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Onyx Pharmaceuticals (NASDAQ:ONXX), which has an anti-tumor drug called sorafenib (Nexavar) that it develops and markets with the help of Bayer .
Though Cubist may not have another drug in its pipeline to bring to the market within the next two years, the company completed several deals in 2009 to broaden its portfolio of drug candidates. Last month, the firm bought San Diego-based Calixa Therapeutics for $92.5 million up front and an additional $310 million in potential payments. The buyout gave Cubist most of the commercial rights to Calixa’slead antibiotic treatment, a combination of anti-bacterial agents, that has the potential of being a top seller on par with daptomycin. That’s because it may be able about to treat a life-threatening bug called P. aeruginosa better than existing antibiotics on the market, Bonney says. That promising treatment is in mid-stage clinical trials, and Cubist predicts that it could be seeking U.S. approval for the product in 2013.
Cubist also revealed separate deals last year with a trio of Massachusetts-based biotechs with products in various stages of development: Alnylam Pharmaceuticals, Forma Therapeutics, and Hydra Biosciences. Perhaps the most high profile of those deals was with the RNA-interference (RNAi) drug developer Alnylam (NASDAQ:ALNY), from which Cubist licensed rights to Alnylam’s gene-silencing technology for treating respiratory syncytial virus (RSV), which sends about 125,000 children to the hospital in the U.S. every year, according to Alnylam. Alnylam is in mid-stage clinical development of a first-generation RNAi therapy for RSV. Bonney told me that his company is keenly interested in a newer version of the treatment specifically for children. Yet the therapy hasn’t reached human clinical trials, meaning that its potential commercial impact on the firm is both many years away and highly uncertain.
Another big question mark in Cubist’s pipeline is the future of its experimental drug ecallantide. The company put the brakes on a mid-stage clinical trial of the drug, which it is developing as an anti-bleeding agent for heart surgeries, after more patients who were treated with the drug died compared with those who didn’t take it. (Ecallantide is a protein drug that was discovered by Cambridge, MA-based Dyax (NASDAQ:DYAX), which has licensed the drug to Cubist for use in heart surgeries.) Cubist is expected to provide an update on what happened in its trial with ecallantide sometime in the first half of this year.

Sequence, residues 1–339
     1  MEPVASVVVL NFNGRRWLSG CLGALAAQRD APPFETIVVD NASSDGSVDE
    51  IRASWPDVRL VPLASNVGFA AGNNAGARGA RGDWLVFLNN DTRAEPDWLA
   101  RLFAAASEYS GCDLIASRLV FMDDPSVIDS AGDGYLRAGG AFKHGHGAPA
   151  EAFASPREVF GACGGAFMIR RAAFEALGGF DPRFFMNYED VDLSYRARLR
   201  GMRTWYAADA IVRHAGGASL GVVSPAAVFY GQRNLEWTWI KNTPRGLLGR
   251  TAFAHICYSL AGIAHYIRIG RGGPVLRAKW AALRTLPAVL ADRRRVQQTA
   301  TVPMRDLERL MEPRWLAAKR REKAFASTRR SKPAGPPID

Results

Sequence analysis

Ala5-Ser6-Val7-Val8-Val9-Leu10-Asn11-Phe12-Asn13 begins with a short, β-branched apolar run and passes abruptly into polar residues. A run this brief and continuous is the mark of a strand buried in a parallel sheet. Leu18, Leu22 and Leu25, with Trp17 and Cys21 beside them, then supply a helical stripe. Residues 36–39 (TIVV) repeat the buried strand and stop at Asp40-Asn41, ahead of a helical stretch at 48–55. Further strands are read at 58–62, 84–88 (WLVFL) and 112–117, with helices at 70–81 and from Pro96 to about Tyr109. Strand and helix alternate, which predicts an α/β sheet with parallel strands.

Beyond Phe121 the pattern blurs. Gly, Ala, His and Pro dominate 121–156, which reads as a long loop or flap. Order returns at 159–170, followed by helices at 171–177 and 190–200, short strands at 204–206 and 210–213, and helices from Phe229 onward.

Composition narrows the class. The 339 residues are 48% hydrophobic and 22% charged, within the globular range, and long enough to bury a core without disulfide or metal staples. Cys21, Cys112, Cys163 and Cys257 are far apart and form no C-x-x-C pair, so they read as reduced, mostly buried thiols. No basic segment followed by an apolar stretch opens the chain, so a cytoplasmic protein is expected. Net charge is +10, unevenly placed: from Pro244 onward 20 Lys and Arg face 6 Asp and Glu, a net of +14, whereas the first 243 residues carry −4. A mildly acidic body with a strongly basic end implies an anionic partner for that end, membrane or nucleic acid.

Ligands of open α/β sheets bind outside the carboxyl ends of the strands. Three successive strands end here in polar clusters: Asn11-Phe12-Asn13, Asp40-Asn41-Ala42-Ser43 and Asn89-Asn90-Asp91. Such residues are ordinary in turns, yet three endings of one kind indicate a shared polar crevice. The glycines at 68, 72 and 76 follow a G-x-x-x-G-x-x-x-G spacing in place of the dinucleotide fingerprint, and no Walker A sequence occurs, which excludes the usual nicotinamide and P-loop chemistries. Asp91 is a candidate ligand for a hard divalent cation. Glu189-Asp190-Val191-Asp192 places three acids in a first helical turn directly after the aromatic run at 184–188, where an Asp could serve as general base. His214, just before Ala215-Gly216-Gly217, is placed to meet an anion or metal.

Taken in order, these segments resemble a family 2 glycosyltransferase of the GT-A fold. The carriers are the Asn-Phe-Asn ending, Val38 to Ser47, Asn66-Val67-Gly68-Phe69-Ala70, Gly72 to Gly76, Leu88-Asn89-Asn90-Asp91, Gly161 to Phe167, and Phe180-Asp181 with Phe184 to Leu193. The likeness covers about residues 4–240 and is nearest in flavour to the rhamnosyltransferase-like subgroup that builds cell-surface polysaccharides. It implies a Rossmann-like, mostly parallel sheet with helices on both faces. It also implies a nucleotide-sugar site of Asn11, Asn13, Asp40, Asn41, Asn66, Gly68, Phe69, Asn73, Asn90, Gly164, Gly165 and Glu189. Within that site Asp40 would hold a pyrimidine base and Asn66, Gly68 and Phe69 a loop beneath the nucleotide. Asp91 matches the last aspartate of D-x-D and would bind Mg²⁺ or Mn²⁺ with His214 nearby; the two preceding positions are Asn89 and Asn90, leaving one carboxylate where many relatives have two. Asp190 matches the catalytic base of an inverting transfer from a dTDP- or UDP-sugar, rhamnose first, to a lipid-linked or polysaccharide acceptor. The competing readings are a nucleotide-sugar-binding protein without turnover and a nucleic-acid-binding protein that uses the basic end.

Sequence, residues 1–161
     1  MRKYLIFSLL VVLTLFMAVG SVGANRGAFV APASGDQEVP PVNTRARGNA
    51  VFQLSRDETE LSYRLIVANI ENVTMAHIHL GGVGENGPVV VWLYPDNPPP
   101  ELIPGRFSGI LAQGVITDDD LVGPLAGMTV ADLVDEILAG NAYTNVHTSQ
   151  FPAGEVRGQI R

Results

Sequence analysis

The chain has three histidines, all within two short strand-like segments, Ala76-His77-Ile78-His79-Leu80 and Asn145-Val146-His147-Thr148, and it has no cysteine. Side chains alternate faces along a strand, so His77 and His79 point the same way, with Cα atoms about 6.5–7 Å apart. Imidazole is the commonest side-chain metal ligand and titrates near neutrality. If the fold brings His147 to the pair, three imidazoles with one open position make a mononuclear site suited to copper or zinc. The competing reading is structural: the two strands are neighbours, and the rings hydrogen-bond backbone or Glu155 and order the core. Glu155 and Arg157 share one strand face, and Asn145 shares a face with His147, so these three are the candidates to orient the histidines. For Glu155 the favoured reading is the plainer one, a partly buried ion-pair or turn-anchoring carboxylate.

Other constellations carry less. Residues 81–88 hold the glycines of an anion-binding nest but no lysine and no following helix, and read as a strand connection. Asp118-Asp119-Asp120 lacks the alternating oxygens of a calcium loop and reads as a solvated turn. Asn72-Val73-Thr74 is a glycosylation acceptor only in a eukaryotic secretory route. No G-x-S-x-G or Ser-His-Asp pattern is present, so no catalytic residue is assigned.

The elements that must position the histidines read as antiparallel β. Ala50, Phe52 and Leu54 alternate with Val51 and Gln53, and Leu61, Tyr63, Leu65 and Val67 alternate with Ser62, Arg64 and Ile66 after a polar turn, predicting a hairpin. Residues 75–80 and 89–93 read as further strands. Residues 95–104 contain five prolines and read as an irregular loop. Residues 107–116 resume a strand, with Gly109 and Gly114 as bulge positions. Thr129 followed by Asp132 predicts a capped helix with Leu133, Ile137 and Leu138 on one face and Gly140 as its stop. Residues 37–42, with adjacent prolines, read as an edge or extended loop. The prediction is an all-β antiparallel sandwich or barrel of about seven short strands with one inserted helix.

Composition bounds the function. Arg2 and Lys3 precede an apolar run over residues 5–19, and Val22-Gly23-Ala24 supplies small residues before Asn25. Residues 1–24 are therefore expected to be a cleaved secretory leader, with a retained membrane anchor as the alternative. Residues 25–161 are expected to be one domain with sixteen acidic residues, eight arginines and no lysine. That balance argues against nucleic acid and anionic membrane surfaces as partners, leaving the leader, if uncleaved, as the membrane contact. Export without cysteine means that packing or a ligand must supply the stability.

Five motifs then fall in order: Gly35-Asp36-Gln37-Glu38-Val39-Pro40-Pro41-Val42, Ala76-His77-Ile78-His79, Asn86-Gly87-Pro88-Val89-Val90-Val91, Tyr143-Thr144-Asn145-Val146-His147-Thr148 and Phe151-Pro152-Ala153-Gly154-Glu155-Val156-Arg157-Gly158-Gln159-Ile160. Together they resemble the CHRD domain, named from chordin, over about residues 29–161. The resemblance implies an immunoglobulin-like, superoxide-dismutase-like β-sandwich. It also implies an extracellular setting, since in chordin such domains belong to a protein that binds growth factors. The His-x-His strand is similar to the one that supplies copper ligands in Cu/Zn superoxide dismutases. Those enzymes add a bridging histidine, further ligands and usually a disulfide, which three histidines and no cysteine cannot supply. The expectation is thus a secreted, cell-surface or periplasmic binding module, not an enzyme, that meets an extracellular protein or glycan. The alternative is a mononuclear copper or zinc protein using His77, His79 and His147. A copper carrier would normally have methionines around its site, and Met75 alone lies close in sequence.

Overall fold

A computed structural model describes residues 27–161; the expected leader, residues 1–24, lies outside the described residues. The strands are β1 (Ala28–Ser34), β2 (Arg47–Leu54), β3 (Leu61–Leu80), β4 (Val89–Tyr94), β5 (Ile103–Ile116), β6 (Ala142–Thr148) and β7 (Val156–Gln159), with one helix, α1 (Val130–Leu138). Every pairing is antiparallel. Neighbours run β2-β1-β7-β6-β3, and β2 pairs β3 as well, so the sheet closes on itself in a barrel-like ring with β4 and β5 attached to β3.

Still, what perhaps keeps the company’s stockholders up at night is the near-term challenge Teva has brought to the daptomycin patents. Cubist mounted a lawsuit against Teva early last year in response to Teva’s notice that it planned to start seek FDA approval of generic version of the antibiotic, before the expiration of Cubist’s patents on the treatment between 2016 and 2019. Bonney said that his company had been ready for such a case since 2007, expecting that Teva or another generic drug-maker would challenge its patents.
Cubist filed two of the three patents in question in the case, Bonney said, after the company acquired rights to daptomycin from the company that discovered the molecule, Indianapolis-based drug giant Eli Lilly (NYSE:LLY). Daptomycin is used in hospitals mostly to treat infections in the skin and tissue just beneath the skin. Cubist is credited with discovering how best to administer the antibiotic to patients at certain dose levels, something that Eli Lilly wasn’t able to figure out. (In fact, Bonney told me that the agreement that brought daptomycin to Cubist required the company to pay Eli Lilly an upfront fee of about $1 million and royalty payments to Lilly—an amazingly small amount considering that the antibiotic now generates more than half a billion dollars in annual revenue.)
Despite the rapid growth in Cubist’s sales of daptomycin, the price of the company’s common stock has been lingering in the $15 to $25 range since … Next Page »